This week progress was reported on drinking water and debris clean up while mold issues continue to delay Paradise’s Building Resiliency Center from opening.
The Paradise Irrigation District reports it has lifted do not drink advisories from another 50 properties and is urging those living in temporary structures on their properties to join a waiting list for new service laterals — work necessary before do not drink orders are rescinded.
Meanwhile, officials are again delaying the opening of the Building Resiliency Center — a one-stop shop for those seeking to return to the burn zone. The center — in a former Bank of America branch — will be a town and county permit center and will have official navigators helping counsel people through the process. Paradise spokeswoman Colette Curtis said the center will also be staffed by advocates, who will “sit down with residents and walk through the rebuilding process to help make that as easy as possible.” Slated to open in early November, officials are now shooting for December.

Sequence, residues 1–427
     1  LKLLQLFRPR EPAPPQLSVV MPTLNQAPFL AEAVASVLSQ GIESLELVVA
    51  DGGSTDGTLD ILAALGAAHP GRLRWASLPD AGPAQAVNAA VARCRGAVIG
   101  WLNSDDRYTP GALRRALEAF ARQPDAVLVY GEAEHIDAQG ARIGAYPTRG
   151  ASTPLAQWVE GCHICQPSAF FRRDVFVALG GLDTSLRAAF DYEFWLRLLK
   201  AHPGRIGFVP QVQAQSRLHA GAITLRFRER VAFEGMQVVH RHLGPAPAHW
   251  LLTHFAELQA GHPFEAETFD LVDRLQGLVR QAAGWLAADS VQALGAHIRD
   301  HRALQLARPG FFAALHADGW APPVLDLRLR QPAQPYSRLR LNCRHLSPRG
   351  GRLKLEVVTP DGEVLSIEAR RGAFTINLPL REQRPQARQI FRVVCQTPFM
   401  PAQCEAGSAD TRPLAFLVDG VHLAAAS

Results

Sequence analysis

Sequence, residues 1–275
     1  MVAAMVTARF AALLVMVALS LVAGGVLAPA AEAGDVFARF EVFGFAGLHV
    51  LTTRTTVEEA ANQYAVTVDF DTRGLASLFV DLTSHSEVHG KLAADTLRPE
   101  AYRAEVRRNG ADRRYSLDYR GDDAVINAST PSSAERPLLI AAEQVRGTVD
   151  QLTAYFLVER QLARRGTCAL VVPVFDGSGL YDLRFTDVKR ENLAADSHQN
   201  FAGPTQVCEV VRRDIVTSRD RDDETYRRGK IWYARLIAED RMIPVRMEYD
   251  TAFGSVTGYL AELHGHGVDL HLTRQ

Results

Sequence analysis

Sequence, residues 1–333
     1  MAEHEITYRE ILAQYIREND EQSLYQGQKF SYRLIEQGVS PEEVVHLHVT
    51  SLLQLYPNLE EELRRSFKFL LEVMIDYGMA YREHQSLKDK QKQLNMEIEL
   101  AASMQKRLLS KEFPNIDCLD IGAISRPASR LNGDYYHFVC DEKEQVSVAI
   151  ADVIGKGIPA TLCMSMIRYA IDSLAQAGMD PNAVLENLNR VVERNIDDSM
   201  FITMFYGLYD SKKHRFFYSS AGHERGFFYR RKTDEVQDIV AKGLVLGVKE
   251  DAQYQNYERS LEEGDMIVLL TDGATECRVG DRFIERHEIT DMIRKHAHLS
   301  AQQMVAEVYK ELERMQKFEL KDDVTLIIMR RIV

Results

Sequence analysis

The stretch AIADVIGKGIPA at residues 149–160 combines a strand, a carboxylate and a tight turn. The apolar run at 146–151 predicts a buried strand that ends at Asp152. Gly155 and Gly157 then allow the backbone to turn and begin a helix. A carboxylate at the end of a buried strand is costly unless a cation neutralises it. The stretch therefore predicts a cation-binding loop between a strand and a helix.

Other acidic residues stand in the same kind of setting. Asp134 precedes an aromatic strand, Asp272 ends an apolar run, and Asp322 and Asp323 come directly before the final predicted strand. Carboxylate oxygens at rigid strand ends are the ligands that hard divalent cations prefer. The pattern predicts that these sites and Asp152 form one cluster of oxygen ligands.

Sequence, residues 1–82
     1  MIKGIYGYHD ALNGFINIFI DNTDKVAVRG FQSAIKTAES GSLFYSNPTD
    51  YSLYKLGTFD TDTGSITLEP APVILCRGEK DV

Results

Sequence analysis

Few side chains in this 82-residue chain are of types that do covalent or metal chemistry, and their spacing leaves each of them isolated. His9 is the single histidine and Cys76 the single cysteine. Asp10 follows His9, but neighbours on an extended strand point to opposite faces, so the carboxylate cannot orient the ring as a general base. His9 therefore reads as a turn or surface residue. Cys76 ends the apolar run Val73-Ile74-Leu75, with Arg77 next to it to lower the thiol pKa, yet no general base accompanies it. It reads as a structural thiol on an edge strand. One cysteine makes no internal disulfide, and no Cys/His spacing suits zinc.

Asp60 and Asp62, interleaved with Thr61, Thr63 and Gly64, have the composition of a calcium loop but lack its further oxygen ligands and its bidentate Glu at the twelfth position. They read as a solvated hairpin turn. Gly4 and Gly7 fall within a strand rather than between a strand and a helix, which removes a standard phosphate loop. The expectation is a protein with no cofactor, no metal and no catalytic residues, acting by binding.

With debris removal pretty much wrapped up and an agreement in place to pay for cutting down and removing dead or severely injured ‘hazard’ trees, officials are spreading the word about signing up for this pending service. Butte County spokeswoman Casey Hatcher said the goal is to reduce the chance a tree could fall onto or across a publicly owned street or other facility. “We have about 1,000 properties signed up, but nearly 12,000 parcels that need to get enrolled,” she said. The program will work like debris removal, with state-sponsored crews doing the work at no cost to homeowners, along with the option of hiring a private contractor to perform the work.